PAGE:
Freed from the exchange rate constraint, the UK decided to go for growth. The Chancellor of the Exchequer at the time instigated what is now known as the Barber boom. This was a monumental mistake, leading to an extraordinary surge in growth which, some foolishly believed, would somehow create its own additional capacity.
It wasn't until the end of 1973, after the Yom Kippur War, that the world received its first major oil shock as a result of the Arab oil embargo, long after inflation had started to head upwards. The quadrupling of oil prices, if you'll pardon the pun, merely added fuel to the fire.
Thereafter, things went from bad to worse. In 1976, Denis Healey famously had to come back from Heathrow airport to deal with a deteriorating domestic crisis. Shortly afterwards, and with the help of an IMF bailout, the Labour government, now led by Callaghan rather than Harold Wilson, decided to flirt with monetary targeting.
Then, as 1978 drew to a close, Britain had to endure the winter of discontent.
The year 1979 brought a series of new challenges. The Iranian revolution, signalling both a further doubling of oil prices and the emergence of Islamic fundamentalism, sent shockwaves through the world. Paul Volcker, the new chairman of the Federal Reserve, showed he was prepared to throw the US economy into recession to deal with inflation. In the UK, Margaret Thatcher got the keys to No 10.
The lesson from all of this is not so much that we can feel cheerful in the knowledge that union power is a thing of the past. These days, with Facebook and assorted chatrooms, you don't need a union to organise a protest. Instead, we discovered in the 1970s that economies simply don't work well with an absence of monetary discipline.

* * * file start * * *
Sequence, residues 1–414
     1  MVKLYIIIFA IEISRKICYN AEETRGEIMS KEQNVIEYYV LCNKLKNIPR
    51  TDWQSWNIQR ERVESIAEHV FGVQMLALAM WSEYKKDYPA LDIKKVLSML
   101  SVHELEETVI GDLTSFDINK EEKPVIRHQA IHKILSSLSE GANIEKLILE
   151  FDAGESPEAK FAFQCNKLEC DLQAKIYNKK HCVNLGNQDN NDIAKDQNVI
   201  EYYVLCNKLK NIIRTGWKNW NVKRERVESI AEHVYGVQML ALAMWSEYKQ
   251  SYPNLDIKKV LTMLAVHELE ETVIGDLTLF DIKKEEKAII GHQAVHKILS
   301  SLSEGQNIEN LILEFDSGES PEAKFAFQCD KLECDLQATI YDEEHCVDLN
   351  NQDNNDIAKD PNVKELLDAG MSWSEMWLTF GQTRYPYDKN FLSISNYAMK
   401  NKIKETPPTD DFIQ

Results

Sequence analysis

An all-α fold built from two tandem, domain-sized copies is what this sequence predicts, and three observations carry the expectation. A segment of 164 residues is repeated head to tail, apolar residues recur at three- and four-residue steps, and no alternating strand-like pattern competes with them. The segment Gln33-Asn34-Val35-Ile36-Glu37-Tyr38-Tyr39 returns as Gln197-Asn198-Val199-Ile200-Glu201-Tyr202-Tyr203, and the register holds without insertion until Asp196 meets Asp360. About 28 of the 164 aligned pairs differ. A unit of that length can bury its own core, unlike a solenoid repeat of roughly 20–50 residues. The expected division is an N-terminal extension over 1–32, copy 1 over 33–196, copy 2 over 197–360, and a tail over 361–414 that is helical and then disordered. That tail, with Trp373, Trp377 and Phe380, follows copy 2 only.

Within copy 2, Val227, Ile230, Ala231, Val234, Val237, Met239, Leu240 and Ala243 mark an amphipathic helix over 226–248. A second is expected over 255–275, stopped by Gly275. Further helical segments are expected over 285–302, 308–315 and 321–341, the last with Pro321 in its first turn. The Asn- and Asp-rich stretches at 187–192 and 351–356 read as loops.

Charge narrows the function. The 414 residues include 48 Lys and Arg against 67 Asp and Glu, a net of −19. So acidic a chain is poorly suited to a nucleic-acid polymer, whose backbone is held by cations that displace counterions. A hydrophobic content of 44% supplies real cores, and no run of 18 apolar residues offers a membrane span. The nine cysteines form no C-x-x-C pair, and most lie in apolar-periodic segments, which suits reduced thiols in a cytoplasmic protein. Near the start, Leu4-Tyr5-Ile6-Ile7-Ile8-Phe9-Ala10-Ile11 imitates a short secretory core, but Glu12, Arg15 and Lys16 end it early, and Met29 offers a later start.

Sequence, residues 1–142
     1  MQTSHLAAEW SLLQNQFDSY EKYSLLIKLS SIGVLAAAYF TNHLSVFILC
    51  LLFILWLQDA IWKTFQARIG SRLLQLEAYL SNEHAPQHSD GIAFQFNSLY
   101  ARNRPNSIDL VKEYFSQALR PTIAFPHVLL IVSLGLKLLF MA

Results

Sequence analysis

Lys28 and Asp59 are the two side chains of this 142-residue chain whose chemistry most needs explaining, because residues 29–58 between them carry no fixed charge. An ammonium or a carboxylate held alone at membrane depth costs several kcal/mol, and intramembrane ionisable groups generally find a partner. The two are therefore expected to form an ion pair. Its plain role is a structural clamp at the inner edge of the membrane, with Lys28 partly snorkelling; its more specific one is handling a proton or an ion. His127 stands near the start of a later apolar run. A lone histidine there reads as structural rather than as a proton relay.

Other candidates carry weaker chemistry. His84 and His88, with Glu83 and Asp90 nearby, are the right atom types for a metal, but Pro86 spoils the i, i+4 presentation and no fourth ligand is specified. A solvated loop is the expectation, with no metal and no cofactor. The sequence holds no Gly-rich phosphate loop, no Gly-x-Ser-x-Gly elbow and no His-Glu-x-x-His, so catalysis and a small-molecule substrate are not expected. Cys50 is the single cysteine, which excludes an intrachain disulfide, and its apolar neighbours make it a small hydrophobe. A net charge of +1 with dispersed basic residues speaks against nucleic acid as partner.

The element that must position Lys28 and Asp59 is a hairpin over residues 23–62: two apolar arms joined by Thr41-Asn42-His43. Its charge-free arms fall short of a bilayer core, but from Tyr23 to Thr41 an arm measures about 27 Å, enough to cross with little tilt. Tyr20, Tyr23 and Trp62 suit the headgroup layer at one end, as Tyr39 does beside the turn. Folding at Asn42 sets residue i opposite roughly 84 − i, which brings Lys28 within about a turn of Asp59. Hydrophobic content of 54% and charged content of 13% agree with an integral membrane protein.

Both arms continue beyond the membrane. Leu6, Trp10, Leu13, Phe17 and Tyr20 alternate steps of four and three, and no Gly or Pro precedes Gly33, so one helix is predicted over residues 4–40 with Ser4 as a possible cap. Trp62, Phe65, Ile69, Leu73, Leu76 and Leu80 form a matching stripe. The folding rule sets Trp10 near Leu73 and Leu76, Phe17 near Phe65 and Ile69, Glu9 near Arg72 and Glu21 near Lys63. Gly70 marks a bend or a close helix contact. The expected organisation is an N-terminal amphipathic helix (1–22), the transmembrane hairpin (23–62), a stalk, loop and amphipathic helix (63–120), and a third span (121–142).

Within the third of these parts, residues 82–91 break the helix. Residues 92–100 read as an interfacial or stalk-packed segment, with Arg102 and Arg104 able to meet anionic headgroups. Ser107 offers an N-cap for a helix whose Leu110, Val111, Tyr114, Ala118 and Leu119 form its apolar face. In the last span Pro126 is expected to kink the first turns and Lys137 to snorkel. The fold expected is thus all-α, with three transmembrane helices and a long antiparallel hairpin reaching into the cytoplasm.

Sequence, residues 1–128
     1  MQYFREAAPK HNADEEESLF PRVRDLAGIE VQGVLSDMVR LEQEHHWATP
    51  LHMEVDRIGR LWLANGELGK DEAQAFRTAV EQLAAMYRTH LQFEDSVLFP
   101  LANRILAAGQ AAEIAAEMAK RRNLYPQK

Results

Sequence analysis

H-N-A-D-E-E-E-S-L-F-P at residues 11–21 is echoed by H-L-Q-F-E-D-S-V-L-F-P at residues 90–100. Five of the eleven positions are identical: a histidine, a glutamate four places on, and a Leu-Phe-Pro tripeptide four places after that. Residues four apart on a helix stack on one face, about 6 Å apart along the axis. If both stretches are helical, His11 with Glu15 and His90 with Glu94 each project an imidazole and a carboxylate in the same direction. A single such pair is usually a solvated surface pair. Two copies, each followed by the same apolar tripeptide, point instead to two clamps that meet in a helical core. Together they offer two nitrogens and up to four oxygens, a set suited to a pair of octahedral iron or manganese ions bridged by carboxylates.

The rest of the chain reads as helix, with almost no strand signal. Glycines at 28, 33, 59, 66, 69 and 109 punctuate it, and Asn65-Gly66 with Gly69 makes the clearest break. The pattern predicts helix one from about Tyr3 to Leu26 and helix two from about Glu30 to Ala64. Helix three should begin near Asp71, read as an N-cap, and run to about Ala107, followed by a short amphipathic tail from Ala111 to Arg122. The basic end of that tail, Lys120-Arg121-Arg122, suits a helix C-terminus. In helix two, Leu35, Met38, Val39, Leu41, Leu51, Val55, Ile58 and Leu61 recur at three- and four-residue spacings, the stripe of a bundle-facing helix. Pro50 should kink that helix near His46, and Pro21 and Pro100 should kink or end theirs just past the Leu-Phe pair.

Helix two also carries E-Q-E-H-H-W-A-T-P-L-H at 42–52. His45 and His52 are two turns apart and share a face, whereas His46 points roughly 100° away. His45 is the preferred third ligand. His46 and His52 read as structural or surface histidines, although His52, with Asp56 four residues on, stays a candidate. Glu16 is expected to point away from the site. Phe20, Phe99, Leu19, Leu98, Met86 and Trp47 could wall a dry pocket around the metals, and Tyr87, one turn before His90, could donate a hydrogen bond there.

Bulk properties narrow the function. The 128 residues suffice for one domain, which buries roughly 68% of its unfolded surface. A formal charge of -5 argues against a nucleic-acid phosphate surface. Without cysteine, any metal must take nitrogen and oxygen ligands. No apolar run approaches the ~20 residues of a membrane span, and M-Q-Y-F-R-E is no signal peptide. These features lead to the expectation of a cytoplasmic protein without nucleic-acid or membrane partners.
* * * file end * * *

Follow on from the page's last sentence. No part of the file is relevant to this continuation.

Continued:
Inflation is evil primarily because of its apparently arbitrary creation of winners and losers. In these circumstances, it's not difficult to see why the previously unco-ordinated have an interest in organised protest. That truck drivers managed last week to achieve a pay increase over two years of around 14 per cent surely proves the point.
The question, therefore, is whether the monetary systems now in place are more robust than those which dominated the economic landscape in the late 1960s and early 1970s. In a large part of the world – the emerging markets – they're not. Some emerging economies, of course, pay lip-service to inflation targeting, but the commitment is typically not really there. For the rest of us, inflation targeting is only now facing its first true test. As raw materials prices rise, will we really stand idly back as wages and profits are squeezed in order to meet existing inflation targets? Or, instead, will those targets eventually die a death?
As yet, we don't know. I find it worrying, though, that Alistair Darling, the Chancellor of the Exchequer, has implored workers to accept moderate pay increases.
In last week's Mansion House speech, he said "... continued restraint on pay is required from both the public and private sector ... to return now to inflationary pay settlements would undermine rather than raise people's living standards with a damaging circle of wage increases eroded by steadily rising prices. We must never return to those days."
All of this is true, but doesn't necessarily help. People pushed for inflationary wage increases in the 1970s not because they desired higher inflation but because they weren't sure of their real spending power in an inflationary world. In the early 1970s, the loss of confidence in price stability was a huge contributory factor behind the emergence of far greater wage pressures.
It is, therefore, vital that the Bank of England now preserves that confidence because, without it, we'll end up singing along to the Sex Pistols' greatest moment. Altogether now: "I am an antichrist..."
Stephen King is managing director of economics at HSBCReuse content